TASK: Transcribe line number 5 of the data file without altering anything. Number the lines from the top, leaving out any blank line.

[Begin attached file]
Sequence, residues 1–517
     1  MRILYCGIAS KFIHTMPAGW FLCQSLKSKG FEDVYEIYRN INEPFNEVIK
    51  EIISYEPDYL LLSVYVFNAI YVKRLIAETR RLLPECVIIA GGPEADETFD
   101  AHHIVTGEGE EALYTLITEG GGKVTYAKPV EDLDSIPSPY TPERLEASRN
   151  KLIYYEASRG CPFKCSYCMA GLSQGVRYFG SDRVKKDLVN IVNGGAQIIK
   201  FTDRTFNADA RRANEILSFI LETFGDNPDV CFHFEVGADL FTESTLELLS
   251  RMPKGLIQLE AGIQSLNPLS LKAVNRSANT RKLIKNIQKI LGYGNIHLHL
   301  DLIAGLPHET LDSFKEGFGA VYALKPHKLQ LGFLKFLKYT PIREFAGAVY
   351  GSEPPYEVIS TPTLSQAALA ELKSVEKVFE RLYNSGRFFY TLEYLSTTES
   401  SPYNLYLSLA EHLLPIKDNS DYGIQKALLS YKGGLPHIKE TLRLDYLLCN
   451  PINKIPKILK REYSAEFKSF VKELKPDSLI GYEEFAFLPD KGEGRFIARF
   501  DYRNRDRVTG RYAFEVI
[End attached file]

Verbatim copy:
   151  KLIYYEASRG CPFKCSYCMA GLSQGVRYFG SDRVKKDLVN IVNGGAQIIK